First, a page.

More importantly, the team confirmed that our genes influence performance on the Eyes Test, and went further to identify genetic variants on chromosome 3 in women that are associated with their ability to “read the mind in the eyes.”

    The study was led by Varun Warrier, a Cambridge PhD student, and Professors Simon Baron-Cohen, Director of the Autism Research Centre at the University of Cambridge, and Thomas Bourgeron, of the University Paris Diderot and the Institut Pasteur.

    Interestingly, performance on the Eyes Test in males was not associated with genes in this particular region of chromosome 3. The team also found the same pattern of results in an independent cohort of almost 1,500 people who were part of the Brisbane Longitudinal Twin Study, suggesting the genetic association in females is a reliable finding.

    The closest genes in this tiny stretch of chromosome 3 include LRRN1 (Leucine Rich Neuronal 1) which is highly active in a part of the human brain called the striatum, and which has been shown using brain scanning to play a role in cognitive empathy. Consistent with this, genetic variants that contribute to higher scores on the Eyes Test also increase the volume of the striatum in humans, a finding that needs to be investigated further.

    Previous studies have found that people with autism and anorexia tend to score lower on the Eyes Test. The team found that genetic variants that contribute to higher scores on the Eyes Test also increase the risk for anorexia, but not autism. They speculate that this may be because autism involves both social and non-social traits, and this test only measures a social trait.

    Varun Warrier says: “This is the largest ever study of this test of cognitive empathy in the world. This is also the first study to attempt to correlate performance on this test with variation in the human genome. This is an important step forward for the field of social neuroscience and adds one more piece to the puzzle of what may cause variation in cognitive empathy.”

    Professor Bourgeron adds: “This new study demonstrates that empathy is partly genetic, but we should not lose sight of other important social factors such as early upbringing and postnatal experience.”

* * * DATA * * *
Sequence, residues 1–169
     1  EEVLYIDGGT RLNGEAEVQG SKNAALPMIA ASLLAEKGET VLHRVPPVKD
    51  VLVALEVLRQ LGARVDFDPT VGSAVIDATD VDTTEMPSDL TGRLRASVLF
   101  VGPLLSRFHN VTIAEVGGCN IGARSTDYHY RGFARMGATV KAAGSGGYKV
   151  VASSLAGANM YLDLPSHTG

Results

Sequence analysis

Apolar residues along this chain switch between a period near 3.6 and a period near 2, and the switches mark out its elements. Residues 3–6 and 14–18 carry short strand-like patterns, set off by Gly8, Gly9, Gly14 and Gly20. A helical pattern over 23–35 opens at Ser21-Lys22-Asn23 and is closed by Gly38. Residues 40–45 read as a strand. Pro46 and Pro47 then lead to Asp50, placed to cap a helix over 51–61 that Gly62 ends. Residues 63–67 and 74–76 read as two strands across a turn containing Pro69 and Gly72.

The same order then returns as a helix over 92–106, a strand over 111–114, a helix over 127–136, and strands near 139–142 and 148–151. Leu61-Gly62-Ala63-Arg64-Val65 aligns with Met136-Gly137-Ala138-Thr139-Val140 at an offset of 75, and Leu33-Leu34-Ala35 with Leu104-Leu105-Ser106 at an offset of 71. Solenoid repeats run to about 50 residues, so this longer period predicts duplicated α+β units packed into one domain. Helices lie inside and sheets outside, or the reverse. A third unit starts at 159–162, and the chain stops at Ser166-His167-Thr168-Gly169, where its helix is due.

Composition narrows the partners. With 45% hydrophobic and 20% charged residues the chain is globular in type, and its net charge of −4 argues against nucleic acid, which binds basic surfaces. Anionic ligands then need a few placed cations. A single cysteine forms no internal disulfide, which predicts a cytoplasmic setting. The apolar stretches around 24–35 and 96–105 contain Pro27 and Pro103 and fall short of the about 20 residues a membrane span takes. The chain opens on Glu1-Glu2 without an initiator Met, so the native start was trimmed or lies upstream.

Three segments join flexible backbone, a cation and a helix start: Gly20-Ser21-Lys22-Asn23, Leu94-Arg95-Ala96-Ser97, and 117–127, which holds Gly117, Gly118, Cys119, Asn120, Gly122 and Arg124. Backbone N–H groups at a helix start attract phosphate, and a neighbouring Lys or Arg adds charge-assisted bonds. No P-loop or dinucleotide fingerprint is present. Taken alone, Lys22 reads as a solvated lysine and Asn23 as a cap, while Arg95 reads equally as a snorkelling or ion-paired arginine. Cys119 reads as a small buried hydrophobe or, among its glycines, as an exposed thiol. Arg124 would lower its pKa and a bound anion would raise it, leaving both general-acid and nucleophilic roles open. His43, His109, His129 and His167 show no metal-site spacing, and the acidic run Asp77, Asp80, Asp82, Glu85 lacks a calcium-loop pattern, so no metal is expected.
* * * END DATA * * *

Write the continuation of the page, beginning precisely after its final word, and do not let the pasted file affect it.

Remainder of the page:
Professor Baron-Cohen says: “We are excited by this new discovery, and are now testing if the results replicate, and exploring precisely what these genetic variants do in the brain, to give rise to individual differences in cognitive empathy. This new study takes us one step closer in understanding such variation in the population.”


  10. Uncovering why playing a musical instrument can protect brain health

    June 14, 2017 by Ashley

    From the Baycrest Centre for Geriatric Care press release:

    A recent study conducted at Baycrest Health Sciences has uncovered a crucial piece into why playing a musical instrument can help older adults retain their listening skills and ward off age-related cognitive declines. This finding could lead to the development of brain rehabilitation interventions through musical training.

    The study, published in the Journal of Neuroscience on May 24, found that learning to play a sound on a musical instrument alters the brain waves in a way that improves a person’s listening and hearing skills over a short time frame. This change in brain activity demonstrates the brain’s ability to rewire itself and compensate for injuries or diseases that may hamper a person’s capacity to perform tasks.

    “Music has been known to have beneficial effects on the brain, but there has been limited understanding into what about music makes a difference,” says Dr. Bernhard Ross, senior scientist at Baycrest’s Rotman Research Institute (RRI) and senior author on the study. “This is the first study demonstrating that learning the fine movement needed to reproduce a sound on an instrument changes the brain’s perception of sound in a way that is not seen when listening to music.”

    This finding supports Dr. Ross’ research using musical training to help stroke survivors rehabilitate motor movement in their upper bodies. Baycrest scientists have a history of breakthroughs into how a person’s musical background impacts the listening abilities and cognitive function as they age and they continue to explore how brain changes during aging impact hearing.

    The study involved 32 young, healthy adults who had normal hearing and no history of neurological or psychiatric disorders. The brain waves of participants were first recorded while they listened to bell-like sounds from a Tibetan singing bowl (a small bell struck with a wooden mallet to create sounds). After listening to the recording, half of the participants were provided the Tibetan singing bowl and asked to recreate the same sounds and rhythm by striking it and the other half recreated the sound by pressing a key on a computer keypad.

    “It has been hypothesized that the act of playing music requires many brain systems to work together, such as the hearing, motor and perception systems,” says Dr. Ross, who is also a medical biophysics professor at the University of Toronto. “This study was the first time we saw direct changes in the brain after one session, demonstrating that the action of creating music leads to a strong change in brain activity.”

    The study’s next steps involve analyzing recovery between stroke patients with musical training compared to physiotherapy and the impact of musical training on the brains of older adults.

    With additional funding, the study could explore developing musical training rehabilitation programs for other conditions that impact motor function, such as traumatic brain injury.

    Research for this study was conducted with support from the Canadian Institutes of Health Research, which supported research staff and equipment.

    Dr. Ross’ work is setting the foundation to develop hearing aids of the future and cognitive training programs to maintain hearing health.